Rev. Dr. Joel Mitchell, Interim Pastor
Rev. Millie Myren, Support Minister
11024 S. Bell Avenue
Chicago, IL 60643
Reflection May 13, 2018
"Reflections on Life" by Rev. Dr. Thomas Aldworth
Life is a blessing. Life is a bully. Yes, a strange way to begin this week’s Advance but there you have it! If I were to sum up what life has taught me over the course of my considerable years, the above might well suffice.
In yesterday’s sermon, at one point, I lifted high my well-worn 3rd degree black belt. I noted that it’s among my most prized possessions. Not in itself - because it rightly shows considerable wear and tear - as it’s meant to show. Yet the belt represents years and years of serious and decidedly difficult body-mind-spirit training.
Life inevitably, inescapably, beats us up. There may be a select few who get through life relatively unscathed but that number is miniscule. The great majority of us must endure “the slings and arrows of outrageous fortune” and “the thousand natural shocks that Flesh is heir to” as Hamlet’s famous soliloquy asserts.
Most of us have not pursued a discipline such as the martial arts. Most of us have not chosen a path that includes a dimension of self-chosen suffering, such as the armed services. Because of this, most of us have a very low tolerance for pain and suffering. Because of this, life becomes nigh unto intolerable.
Without an adequate pain-tolerance, everything bothers us. Everything becomes an affront to our too-fragile self-identity. This then devolves into the path of constant complaint about the unfair nature of things, the path of the self-proclaimed victim. As I mentioned Sunday, it’s more important learning how to take a punch than learning how to throw a punch.
And, yes, there are many who’ve suffered more than their share. There are many who’ve suffered unspeakable assaults. Sunday evening I watched the chilling true-life story contained in the recent movie, The Zookeeper’s Wife. Shed-tears is the only adequate response to the atrocities revealed therein.
The good in this life often get not rewards but misfortune. The bad in this life often get not righteous penalties but power and prestige. Where is God’s justice to be found?
Bad things happen to good people. Good things happen to bad people. Long ago, the Book of Job unfolded this thorny conundrum. Job did not solve the conundrum except to place it - rightly so - at the feet of God. Job put God on trial but the judgment of that trial is still undecided. Yet we believe God will be vindicated when God’s justice, God’s glory, is finally and fully revealed.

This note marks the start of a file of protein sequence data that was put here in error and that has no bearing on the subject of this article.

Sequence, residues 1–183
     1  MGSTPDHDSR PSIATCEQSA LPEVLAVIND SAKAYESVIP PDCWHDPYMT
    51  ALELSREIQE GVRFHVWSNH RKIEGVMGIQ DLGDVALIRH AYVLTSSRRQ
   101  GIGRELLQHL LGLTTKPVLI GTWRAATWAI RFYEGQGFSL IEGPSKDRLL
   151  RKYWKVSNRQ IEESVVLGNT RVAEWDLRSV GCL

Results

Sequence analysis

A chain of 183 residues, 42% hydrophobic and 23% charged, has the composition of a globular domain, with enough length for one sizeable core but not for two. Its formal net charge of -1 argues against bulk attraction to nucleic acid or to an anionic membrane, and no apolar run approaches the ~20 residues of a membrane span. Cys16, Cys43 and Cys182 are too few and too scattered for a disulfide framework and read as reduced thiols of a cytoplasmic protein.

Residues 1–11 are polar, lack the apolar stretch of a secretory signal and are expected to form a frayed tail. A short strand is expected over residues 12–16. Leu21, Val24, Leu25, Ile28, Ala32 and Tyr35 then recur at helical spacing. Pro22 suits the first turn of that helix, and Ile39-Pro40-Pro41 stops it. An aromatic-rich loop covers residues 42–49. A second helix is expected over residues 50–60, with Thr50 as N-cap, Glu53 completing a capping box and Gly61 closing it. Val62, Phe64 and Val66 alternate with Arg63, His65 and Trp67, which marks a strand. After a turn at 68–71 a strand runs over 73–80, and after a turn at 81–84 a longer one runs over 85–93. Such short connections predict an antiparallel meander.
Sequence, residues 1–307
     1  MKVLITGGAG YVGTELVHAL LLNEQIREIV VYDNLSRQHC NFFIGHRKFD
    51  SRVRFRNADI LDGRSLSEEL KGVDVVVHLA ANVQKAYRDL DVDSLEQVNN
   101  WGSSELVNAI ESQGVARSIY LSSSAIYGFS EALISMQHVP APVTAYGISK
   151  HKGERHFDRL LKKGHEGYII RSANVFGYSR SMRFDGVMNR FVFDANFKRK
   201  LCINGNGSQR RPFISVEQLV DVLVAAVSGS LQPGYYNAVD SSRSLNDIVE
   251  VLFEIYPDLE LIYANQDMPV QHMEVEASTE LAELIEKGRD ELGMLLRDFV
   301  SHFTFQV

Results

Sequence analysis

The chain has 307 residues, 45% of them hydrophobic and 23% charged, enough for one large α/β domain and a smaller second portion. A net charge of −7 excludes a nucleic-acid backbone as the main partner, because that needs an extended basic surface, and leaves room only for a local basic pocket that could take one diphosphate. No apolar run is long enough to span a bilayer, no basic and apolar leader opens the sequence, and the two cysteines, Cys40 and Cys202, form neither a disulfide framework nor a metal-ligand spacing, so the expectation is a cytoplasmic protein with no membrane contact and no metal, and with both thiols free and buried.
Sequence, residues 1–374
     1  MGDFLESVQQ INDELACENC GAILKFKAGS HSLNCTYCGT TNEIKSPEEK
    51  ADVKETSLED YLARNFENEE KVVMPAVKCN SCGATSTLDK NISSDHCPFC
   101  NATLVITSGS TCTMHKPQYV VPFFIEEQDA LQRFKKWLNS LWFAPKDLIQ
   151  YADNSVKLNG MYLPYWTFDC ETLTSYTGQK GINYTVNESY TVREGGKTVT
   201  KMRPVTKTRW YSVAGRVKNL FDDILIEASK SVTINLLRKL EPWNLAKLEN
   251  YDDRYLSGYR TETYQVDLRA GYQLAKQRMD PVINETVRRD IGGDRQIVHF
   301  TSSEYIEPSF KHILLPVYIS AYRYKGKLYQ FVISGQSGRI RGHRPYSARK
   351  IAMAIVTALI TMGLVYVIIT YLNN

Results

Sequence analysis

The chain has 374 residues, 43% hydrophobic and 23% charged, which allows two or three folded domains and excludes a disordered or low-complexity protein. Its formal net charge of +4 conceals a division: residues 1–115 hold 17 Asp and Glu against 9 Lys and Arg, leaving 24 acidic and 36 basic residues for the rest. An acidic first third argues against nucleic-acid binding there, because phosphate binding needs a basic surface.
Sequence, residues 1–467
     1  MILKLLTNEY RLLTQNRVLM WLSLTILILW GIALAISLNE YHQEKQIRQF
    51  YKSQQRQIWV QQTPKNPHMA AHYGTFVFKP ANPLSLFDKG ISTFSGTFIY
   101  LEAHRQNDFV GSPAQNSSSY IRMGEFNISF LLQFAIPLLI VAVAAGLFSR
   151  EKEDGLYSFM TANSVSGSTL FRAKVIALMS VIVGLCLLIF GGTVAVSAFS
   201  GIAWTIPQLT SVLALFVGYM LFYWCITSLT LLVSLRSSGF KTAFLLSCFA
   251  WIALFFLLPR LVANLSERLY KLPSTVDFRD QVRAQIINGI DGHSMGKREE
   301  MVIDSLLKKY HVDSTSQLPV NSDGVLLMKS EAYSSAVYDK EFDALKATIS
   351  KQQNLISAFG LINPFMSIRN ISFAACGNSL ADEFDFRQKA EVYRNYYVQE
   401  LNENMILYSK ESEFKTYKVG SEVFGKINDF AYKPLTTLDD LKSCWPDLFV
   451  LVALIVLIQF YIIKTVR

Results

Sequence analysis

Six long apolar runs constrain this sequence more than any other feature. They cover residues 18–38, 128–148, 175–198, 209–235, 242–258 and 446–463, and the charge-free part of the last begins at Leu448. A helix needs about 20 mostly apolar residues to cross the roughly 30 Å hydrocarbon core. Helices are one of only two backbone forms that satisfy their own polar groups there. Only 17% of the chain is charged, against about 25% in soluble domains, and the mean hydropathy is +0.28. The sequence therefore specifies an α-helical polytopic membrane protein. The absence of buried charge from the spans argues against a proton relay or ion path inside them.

Life is unfair. Yet life is the precious, priceless gift we’ve been given by the grace of God. We’re all victims of something or someone. This is a truth interwoven into the nature of life. That life is suffering was rightly the first truth taught by the Buddha. “Take up your cross” may well be the most important teaching for us disciples of Jesus Christ.
Since life is a perilous path, we all need the comfort and support of a worshipping congregation. With sisters and brothers in the Lord, both our joys and our sorrows are shared. Who among us can “go it alone”? Life is not a solitary journey. Life is a path that requires companions. Life is too hard to be lived alone. We need each other. We need family. We need community. We need church.
Our beloved community of Morgan Park American Baptist Church has served as my community, my family in faith, my church for ten years now. Like all families, we’ve had our challenges. Like all families, we’ve weathered good times and bad times. Like all families, we’ve endured misunderstandings. Like all families, we’ve voiced different opinions about who God is and to what we’re called in Christ.
We’ll always have differences of opinion. We’ll rightly question at times if our pastor is deluded or off in some netherworld. Pastors are frail human beings, called to unfold the on-going revelation of God, called to use the word “God” in places where it may seem inappropriate, called to speak the name “Christ” when other, more hostile, unholy words might rush to our mouths.
We are all fragile. We are all wounded. We are all broken. We are all in need of constant redemption, constant conversion. Conversion is never a one-time affair. It’s a life-long, eternal journey. We think ourselves “saved” to our peril.
Now I’m not trying to encourage the readers of this Advance to take up martial art training. I offered classes numerous times during my ten-years as pastor. We did not have enough interest to move forward. And that’s okay. But I would encourage everyone - especially our young - to prepare their hearts and their souls for the suffering that will come. In my experience, a caring faith family is a non-negotiable for a well-lived life.